A new report released today by the AFL-CIO shows that more than 305,000 Californians will lose their unemployment benefits on December 31 if Congress fails to act to extend unemployment insurance.
Electrician Alexander Stewart, who has been out of work since July 2010 and will lose benefits if Congress fails to act by the end of the year:
We elect Congress to look out for the interests of everyday people. It’s appalling that elected officials would let petty politics stand in the way of extending unemployment insurance, the only thing keeping my family and so many others afloat in these tough times.
In California as well as across the country, jobless workers and their communities will be holding actions Thursday to call attention to the ongoing jobs crisis and to urge Congress to take immediate action to extend unemployment benefits. In Sacramento, hundreds of jobless workers will march to Rep. Dan Lungren’s office to call him to support an extension of benefits.
According to the report, young people and people of color will be disproportionately impacted if benefits are cut. In California, the unemployment rate for young people 20 to 24 years old is 19 percent. For African Americans the rate is 19.5 percent, and 14.7 percent for Latinos.
In California, the average benefit provided by the federal extension amounts to $292 a week, which covers a family’s minimum expenses for survival. That money is pumped directly back into the local economy when jobless workers pay for groceries, transportation, utilities, and housing. Budget cuts in recent years have greatly depleted the safety net in California, leaving the unemployed with even fewer options to meet basic needs if unemployment insurance isn’t extended.
California Labor Federation Executive Secretary-Treasurer Art Pulaski:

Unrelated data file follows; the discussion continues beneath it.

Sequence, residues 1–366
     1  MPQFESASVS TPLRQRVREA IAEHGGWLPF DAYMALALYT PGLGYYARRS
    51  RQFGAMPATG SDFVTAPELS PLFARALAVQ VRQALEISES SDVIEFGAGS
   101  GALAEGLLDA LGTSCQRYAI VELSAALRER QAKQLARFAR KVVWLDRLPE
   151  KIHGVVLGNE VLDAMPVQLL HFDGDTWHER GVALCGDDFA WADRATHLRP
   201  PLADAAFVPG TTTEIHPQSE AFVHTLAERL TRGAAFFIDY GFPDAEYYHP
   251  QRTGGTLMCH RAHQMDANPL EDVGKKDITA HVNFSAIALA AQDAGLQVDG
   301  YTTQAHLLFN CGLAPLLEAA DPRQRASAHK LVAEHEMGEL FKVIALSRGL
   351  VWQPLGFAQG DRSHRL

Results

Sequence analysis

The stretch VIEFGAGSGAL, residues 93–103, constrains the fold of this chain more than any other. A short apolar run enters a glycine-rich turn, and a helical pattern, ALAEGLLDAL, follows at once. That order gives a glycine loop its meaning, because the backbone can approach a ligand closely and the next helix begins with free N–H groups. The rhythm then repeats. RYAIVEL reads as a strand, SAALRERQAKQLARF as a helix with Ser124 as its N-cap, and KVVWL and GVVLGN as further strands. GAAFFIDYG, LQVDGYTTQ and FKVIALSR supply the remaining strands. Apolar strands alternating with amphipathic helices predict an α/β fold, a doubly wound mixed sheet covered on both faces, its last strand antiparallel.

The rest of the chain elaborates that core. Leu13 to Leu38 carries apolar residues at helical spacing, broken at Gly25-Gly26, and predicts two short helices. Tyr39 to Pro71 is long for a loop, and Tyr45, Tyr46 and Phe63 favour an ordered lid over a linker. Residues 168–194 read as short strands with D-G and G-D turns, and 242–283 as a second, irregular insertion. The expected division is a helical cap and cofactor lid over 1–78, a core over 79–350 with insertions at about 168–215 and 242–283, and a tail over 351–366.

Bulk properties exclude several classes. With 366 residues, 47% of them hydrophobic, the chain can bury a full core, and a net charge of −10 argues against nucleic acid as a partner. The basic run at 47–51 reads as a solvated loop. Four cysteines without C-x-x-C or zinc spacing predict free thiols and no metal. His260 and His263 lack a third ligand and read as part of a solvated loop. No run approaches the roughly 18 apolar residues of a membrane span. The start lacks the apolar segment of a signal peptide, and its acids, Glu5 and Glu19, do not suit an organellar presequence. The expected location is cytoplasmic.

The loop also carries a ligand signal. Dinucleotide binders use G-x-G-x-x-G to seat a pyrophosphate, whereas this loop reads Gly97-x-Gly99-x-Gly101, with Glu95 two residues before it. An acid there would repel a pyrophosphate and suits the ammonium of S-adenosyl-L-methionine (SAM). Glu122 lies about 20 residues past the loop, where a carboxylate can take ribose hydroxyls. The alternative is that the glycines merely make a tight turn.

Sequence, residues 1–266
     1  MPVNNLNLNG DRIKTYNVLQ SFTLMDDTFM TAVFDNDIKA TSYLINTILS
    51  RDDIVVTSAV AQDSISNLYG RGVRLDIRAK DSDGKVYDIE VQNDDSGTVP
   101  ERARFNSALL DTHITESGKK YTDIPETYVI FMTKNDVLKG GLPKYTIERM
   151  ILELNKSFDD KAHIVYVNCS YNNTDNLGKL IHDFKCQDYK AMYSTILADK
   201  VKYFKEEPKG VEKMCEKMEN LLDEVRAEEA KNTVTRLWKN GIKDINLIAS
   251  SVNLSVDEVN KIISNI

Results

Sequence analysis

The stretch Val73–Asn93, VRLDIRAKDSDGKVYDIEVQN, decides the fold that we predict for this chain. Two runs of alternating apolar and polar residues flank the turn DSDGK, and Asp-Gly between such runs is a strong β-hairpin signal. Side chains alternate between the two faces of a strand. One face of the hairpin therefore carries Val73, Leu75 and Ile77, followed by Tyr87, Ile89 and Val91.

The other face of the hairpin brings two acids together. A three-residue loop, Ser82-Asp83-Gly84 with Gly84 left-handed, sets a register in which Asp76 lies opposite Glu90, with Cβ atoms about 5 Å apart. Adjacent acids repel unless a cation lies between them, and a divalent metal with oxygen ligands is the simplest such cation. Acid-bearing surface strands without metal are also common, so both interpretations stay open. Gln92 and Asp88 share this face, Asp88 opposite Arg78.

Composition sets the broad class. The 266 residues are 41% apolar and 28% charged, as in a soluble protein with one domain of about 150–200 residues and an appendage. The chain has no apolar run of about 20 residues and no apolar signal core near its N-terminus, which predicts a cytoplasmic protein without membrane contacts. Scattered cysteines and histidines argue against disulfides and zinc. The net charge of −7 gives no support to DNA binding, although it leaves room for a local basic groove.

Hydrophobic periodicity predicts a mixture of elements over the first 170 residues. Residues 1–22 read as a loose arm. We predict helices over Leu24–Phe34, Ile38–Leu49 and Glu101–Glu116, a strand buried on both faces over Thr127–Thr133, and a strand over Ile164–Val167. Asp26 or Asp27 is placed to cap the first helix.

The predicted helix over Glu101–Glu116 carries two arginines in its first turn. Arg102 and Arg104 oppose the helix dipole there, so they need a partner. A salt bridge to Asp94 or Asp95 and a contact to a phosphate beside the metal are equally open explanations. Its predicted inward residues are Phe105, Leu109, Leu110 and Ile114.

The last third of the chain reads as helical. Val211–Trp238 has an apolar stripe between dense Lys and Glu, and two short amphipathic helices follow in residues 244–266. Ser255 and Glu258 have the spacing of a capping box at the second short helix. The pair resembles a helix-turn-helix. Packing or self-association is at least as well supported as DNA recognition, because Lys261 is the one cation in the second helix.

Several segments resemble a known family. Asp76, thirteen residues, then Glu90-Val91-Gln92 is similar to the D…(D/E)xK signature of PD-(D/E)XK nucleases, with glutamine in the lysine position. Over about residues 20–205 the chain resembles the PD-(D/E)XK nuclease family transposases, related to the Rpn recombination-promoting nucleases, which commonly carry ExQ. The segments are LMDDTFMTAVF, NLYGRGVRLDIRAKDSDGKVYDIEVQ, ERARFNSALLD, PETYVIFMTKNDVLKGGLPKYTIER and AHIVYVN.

With California unemployment hovering around 12 percent, job seekers far outnumber actual jobs. It’s deplorable that Republicans in Congress and their special interest friends are attempting to sever the one remaining lifeline for California’s jobless. California’s Republican members of Congress need to get their priorities in order. Our state’s jobless need an extension of benefits far more than the richest 1 percent needs yet another fat tax break.
The prospect of losing benefits during the holiday season takes a tremendous toll on those suffering the hardship of unemployment.
Sherry Davis, who has been unemployed since January:
Losing a job through no fault of your own is one of the hardest things anyone can go through. I’ve spent every single day for months looking for work. It’s so difficult when the jobs just aren’t there. Not only is there the obvious major financial impact but emotional impact as well…you once felt good about yourself and your future when you got out of bed in the morning and then suddenly, it becomes difficult to even get out of bed. Now, because of politics as usual in Washington, I’m facing not only a holiday season but everyday not knowing whether I’ll be able to feed my family, pay my mortgage or keep the lights on in January. It’s devastating.
To view the full data and stories of unemployed workers in California, visit www.uistories.aflcio.org/CA#.